8/25/11

Robert Fernandez


The Pines

I am unable to see. The attendant stretches
in his chair. The chair feels thirst below its feet
in strips of oak. The oak tears away to reveal
rows of red reef. We climb “out on a limb,”
wave a small flag at cars passing by.
An emergency in the woods—
pull over. Woman with a rag for a heart,
child with rags for hands. We have no money
to give you, we’re betting you’ll be kind enough
to pull off alongside the road. We pray our need
won’t turn against us—that in seeing us you
won’t shift the balance, start to hunt us down.
We make it to a delicatessen in the nearby
town that splits and bleeds in its hide
of brick and awning. We pass
red brick crawling with threads;
the tailors and seamstresses of metonymy
are out on break, huddled under
awnings. A group of teenagers plays
basketball down the street. Metonymy
cuts off their arms. The hoop closes into itself.
Lush the teenagers all over the bloody street.
Mercy that such strange luck could have
come their way. Mercy that the margins
were too narrow, we had nothing to gain.
We scoured the road for clues to the event
glimpsed behind the trees. The event
was stripped in our listening. The eyes
refurbished it—cell-like, a red chair.
Love, dry mattress with seed packed in it,
began to grow—sent out boughs, leaves.
Love releasing briskly white leaves, lustrous
hysterical white. Love hauled from a motel room,
thrown into ocean water. Love’s laughter
and dispersion of evidence. We did not
take our time. We filled our stomachs with souls
and forgot to speak. We were overwhelmed
by the thrust and intensity of action. Waves
hit us in the chest the blood fanned out
from the sternum. Softly spoke then
of a violence farther off—go find help.
Of a heel caught in the mouth of a snake
pressing up from the sand. Above windshields,
billboards, mouths closing around the light
driving above the road in crystalline packets.

There is a heavy wind and I cannot eat.
There is no end to the meal. The charge
leveled against us is that we are bodiless.
I was stuck in the sedan’s snow-like leather.
I was stuck with Kai and Dana on the roof
of the Savoy; the red and black bungalows
nearly swallowed us. I was stuck in a tank
feeding packets of diamond dust to thirsty
soldiers. Uncrossing our bones, subject to debt
and loose laws, if we’re not realized then at best
rehearsed, skillfully tuned, fanning. If a body,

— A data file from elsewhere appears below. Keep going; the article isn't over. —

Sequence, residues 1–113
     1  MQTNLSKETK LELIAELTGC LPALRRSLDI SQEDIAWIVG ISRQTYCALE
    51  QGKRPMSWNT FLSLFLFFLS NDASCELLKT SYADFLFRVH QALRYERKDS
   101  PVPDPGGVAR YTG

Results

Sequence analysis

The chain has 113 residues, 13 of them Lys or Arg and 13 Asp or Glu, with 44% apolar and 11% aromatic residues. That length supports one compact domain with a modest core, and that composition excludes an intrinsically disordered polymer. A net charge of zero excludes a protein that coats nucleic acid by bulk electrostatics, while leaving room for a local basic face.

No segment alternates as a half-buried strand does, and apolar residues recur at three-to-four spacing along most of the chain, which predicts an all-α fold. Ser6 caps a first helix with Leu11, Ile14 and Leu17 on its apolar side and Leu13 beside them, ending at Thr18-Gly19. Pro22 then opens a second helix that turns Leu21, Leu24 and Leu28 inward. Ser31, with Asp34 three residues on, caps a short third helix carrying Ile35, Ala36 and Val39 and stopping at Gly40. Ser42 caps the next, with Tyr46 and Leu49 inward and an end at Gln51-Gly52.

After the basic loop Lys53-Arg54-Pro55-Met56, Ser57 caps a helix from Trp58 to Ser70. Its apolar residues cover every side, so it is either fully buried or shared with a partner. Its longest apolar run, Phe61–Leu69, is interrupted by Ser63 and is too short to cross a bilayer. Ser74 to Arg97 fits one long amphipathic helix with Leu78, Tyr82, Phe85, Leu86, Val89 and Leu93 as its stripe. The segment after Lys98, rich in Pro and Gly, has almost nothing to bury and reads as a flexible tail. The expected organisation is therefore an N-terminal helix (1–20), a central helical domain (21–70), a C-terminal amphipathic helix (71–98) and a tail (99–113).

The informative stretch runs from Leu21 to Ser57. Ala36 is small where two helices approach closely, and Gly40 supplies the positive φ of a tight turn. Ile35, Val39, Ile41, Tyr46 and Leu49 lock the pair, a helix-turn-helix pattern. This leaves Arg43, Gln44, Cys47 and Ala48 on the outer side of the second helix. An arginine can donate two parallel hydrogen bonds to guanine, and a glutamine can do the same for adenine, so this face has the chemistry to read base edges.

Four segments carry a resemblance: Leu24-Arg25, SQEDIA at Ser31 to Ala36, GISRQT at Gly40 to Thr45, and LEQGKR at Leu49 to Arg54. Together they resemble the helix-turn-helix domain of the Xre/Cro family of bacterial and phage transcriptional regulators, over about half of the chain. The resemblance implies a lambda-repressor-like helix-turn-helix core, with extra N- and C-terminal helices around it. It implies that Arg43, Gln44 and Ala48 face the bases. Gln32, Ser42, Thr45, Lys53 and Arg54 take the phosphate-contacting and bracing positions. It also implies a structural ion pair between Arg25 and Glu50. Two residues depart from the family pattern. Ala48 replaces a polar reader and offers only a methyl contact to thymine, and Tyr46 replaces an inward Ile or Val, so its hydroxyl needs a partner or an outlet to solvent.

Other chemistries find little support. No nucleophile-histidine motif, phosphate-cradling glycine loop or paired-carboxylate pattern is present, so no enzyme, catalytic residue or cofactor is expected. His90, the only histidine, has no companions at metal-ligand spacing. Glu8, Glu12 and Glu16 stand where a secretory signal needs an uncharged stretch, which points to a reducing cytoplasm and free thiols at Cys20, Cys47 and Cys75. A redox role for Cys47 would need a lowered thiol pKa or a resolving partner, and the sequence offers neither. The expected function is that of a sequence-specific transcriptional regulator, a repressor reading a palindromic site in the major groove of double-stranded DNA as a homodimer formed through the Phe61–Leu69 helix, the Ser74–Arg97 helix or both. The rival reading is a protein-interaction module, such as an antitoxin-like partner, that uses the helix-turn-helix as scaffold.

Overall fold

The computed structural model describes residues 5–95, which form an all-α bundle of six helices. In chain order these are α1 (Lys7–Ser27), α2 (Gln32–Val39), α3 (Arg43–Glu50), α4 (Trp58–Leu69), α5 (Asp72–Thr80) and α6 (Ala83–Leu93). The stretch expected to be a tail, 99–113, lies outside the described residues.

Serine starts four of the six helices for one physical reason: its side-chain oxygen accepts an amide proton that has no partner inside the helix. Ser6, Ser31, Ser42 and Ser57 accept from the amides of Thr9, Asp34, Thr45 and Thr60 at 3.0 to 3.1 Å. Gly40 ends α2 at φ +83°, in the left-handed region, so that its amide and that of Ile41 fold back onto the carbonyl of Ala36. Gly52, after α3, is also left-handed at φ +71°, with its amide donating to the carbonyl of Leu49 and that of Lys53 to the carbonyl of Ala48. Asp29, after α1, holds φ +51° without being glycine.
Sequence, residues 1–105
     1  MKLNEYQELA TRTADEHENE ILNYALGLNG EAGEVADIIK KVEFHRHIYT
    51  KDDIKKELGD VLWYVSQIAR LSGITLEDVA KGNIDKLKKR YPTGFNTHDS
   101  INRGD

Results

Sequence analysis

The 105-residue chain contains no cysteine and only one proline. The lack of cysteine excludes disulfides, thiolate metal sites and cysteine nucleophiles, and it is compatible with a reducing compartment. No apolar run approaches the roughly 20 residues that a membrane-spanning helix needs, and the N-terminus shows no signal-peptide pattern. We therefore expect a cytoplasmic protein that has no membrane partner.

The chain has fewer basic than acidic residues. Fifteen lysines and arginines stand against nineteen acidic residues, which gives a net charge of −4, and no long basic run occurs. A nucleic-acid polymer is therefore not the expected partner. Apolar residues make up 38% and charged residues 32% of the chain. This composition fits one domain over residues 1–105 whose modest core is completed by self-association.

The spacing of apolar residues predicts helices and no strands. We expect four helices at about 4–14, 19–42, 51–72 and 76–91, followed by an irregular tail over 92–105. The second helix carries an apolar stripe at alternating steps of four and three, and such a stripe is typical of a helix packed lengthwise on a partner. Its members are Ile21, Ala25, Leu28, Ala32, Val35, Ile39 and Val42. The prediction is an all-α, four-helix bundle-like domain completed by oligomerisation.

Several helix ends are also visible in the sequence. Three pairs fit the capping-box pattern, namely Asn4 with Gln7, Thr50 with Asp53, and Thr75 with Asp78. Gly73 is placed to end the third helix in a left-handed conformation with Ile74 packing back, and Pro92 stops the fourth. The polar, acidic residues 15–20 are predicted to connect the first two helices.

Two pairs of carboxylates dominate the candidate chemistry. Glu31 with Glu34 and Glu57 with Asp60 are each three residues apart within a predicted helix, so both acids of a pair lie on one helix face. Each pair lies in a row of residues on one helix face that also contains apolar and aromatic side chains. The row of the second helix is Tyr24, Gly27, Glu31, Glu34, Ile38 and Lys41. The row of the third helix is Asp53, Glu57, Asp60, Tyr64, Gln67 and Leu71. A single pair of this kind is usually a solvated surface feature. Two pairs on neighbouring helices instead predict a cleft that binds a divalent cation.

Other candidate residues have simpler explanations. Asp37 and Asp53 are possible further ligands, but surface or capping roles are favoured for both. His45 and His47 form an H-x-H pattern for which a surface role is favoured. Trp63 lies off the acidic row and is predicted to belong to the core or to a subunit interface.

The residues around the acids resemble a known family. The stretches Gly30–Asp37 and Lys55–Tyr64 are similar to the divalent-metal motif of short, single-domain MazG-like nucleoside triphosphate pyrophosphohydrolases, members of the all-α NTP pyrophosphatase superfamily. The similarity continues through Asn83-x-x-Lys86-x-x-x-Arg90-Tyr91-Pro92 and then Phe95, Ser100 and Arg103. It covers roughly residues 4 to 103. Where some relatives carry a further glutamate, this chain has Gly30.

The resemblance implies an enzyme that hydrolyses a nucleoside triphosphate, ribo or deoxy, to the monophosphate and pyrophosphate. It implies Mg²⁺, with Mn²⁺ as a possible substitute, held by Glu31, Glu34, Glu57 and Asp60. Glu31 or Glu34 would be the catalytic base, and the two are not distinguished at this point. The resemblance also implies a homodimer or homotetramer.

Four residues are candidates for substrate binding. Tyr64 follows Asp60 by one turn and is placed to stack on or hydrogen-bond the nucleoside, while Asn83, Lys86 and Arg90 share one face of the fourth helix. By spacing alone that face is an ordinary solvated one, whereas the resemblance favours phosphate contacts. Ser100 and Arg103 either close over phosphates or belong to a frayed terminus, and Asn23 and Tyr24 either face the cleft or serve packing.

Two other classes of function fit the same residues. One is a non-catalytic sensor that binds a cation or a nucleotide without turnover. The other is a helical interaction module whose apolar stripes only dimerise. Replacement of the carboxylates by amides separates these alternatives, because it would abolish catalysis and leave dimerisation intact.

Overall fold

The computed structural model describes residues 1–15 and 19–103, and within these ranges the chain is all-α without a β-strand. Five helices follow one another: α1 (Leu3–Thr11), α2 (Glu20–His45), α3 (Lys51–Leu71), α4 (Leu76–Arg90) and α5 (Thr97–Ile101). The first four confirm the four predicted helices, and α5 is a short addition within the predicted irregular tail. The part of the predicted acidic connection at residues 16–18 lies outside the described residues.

then fan out the bills. It is impossible that we
should reach the roadside. It is impossible
the levels of virulent water shuttled into us.
We are not rough units of sense we are sand-
blasted. I meet fathers, meet daughters, sons
and mothers in lidless durations on the road.
We imitate the overpasses stretching above
the roads at night. A fan of eyes. Loss of
hope. Bounty. Unable to see. Thus poised,
we evacuate—roughly glitter. Everything

addresses you. The clouds ball up behind
your sternum. You are listening. You see.
A challenge is on its way. It wets its beak.
Because we are flesh, we glide then think.
A mountain of eyes, of rubber bullets,
pours through us, washes clean across
the pines. A wall of seeing passes through
with its shuffling laughter. There are pale-
red pills with pentacles stamped on them,
there are bruises on the road. We are open
to suggestions. The beaches are soft black.
We stall. We unfold soft economies, soft
residences. I am waiting for the answer
to the request the disclosure the spell
that could not listen long enough
to float up its beams of presence and say
this is reality. Laughter. How arcane and
does it not now seem you had a hand in it,
the rose-and-amber carp, a Venus or Adonis?
They restored us; they did us good. Suddenly
the bonds are broken, suddenly the arms don’t
work so well. Faint and rapidly drawing closer
to the disease—flag us down. Flay, remove
the roe, lay out the spine. The spine, scales, the
earth are fallow. Platitudes and folly. The earth
is impossibly young. I like to drink black beer,
get fucked up on boardwalks on black sand.
I would sell my name back to myself in
exchange for a ride, in exchange for cords
of order, for a face, clouds—nothing. Who
compels us with their restless batons? Where
is the motive? Where is the mandate? Outlaws
rule these hills. Angels rule these mountains.
We recall, looking up at the violence of spinning sky—
recall a violence that took place in sound alone.
Skilled, we see our arms unlock, souls trained
on fresh estates. We flee from mountains,
from pavilions building across the eyes
in thirst and scarcity.




This poem is from We Are Pharaoh (Canarium Books, 2011). Robert Fernandez lives in Iowa City.

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